Still striking the pose: Another loss won’t keep Lamar Jackson from winning Heisman

Lamar Jackson is the fourth Power 5 player with 20 TDs passing and 20 rushing in the same season. The other three all won the Heisman.
Jamie Rhodes/Jamie Rhodes-USA TODAY Sports

As far as a final closing argument for his Heisman Trophy campaign, Louisville's Lamar Jackson could have picked something much, much better than a fumble that Kentucky turned into a game-winning field goal.

But the reality is, Saturday's 41-38 loss to the Wildcats is only likely to impact one aspect of Jackson's march toward the trophy: the margin of victory.

What, truly has changed with defeat at the hands of the Cardinals' in state SEC rival? Louisville is out of the ACC Atlantic Division race — that went to No. 4 Clemson — and while it may have also missed out on a shot at the Orange Bowl at 9-3, that was the ceiling.

Since that loss to the Tigers on Oct. 1, a New Year's Six bowl game was the ceiling for the team, but for Jackson it was all about the numbers and continuing to instill his dominance on a field of Heisman contenders that presented him with no true rival.

No. 3 Michigan's Jabrill Peppers had an impact in the 30-27 double overtime loss to second-ranked Ohio State, with four carries for four yards, an interception and one kick return for 44 yards, but his campaign hinges on the Wolverines staying in the College Football Playoff hunt, a place that is no longer a given.

The cases of Oklahoma wide receiver Dede Westbrook and his quarterback, Baker Mayfield — nearly a finalist in 2015 — are certain to grow if the Sooners can take the Bedlam Game on Dec. 3 and claim the Big 12 crown. They are almost guaranteed to split votes as the similar situation with Texas Tech's Michael Crabtree and Graham Harrell showed us in 2008, (the QB, Harrell was fourth to Crabtree, the WR, in fifth).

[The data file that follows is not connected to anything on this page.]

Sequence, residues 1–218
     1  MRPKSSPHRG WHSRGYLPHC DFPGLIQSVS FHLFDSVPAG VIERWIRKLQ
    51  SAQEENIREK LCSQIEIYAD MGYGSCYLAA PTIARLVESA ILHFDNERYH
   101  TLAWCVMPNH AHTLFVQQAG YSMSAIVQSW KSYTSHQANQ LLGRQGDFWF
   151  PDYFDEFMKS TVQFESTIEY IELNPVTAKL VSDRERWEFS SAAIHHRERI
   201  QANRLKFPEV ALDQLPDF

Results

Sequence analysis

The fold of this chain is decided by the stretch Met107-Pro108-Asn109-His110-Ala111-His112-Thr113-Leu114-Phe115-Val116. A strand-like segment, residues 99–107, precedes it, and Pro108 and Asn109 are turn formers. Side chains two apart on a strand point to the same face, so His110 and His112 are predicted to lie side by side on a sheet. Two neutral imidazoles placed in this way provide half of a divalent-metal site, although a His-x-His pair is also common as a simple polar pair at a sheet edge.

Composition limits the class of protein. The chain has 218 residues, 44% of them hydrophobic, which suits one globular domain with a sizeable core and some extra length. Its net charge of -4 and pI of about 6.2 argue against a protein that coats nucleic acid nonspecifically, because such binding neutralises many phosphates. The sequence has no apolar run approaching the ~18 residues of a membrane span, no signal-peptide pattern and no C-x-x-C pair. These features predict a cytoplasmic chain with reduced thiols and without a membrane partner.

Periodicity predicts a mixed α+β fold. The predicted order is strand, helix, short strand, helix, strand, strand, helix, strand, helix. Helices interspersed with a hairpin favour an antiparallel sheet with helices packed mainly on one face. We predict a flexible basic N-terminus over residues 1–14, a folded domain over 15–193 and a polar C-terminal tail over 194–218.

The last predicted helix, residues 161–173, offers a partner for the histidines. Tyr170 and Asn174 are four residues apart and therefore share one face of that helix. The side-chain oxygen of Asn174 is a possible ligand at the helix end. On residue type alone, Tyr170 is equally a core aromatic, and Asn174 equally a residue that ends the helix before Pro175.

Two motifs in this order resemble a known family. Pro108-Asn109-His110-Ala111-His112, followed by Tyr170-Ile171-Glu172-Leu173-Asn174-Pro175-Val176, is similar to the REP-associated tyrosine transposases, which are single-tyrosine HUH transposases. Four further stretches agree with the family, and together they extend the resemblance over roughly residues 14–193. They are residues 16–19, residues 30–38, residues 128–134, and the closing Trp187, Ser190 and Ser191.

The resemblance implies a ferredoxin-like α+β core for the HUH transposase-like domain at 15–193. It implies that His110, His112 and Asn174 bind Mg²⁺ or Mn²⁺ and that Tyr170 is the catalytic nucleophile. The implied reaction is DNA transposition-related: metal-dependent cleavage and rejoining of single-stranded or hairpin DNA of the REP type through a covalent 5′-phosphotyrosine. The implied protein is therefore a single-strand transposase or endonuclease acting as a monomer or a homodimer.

While Washington's Jake Browning and Clemson's Deshaun Watson will have stages that Jackson can't duplicate in the championship games (and Ohio State's J.T. Barrett could), those QBs were far enough behind Jackson heading into this weekend's games that Las Vegas sports book Bovada stopped pushing out odds on the race.

Jackson still accumulated 452 yards and four touchdowns — he had 281 passing with two scores on 16 of 25 attempts and ran for 171 and a pair of TDs on 25 tries — and became the sixth player in FBS history with 20 touchdowns through the air and 20 on the ground in the same season. He's also the fourth Power 5 player to do it, and the other three, Florida's Tim Tebow, Auburn's Cam Newton and Texas A&M's Johnny Manziel, all won the Heisman.

The loss, while detrimental to the Cardinals' place in the CFP rankings, shouldn't be on Jackson, even if his fourth turnover (he tossed two three interceptions) was turned into a Wildcats' win. Since the start of the BCS era in 1998, Tebow, Texas' Ricky Williams and Baylor's Robert Griffin III all won on teams with three losses.

Even the timing of the defeat shouldn't matter. In 1987, Tim Brown's Notre Dame team lost its last two regular season games to Penn State (21-20) and No. 2 Miami (24-0), and yet, the wide receiver still claimed 324 first-place votes and 1,442 points in total in beating out Syracuse QB Don McPherson.

Saturday may have created a bigger escape route for those who want to vote for another candidate, but it shouldn't change anything.

In the CFP era, the expectation was that those in the running to make the playoff would have a leg up as they orbit what matters in this age. But Jackson was already testing that logic after the loss to Clemson, and now he's just testing if further.

Strike that pose. There's nobody in place to deny it.

Follow Cory McCartney on Twitter @coryjmccartney and Facebook. His books, 'Tales from the Atlanta Braves Dugout: A Collection of the Greatest Braves Stories Ever Told,' and 'The Heisman Trophy: The Story of an American Icon and Its Winners.' are now available.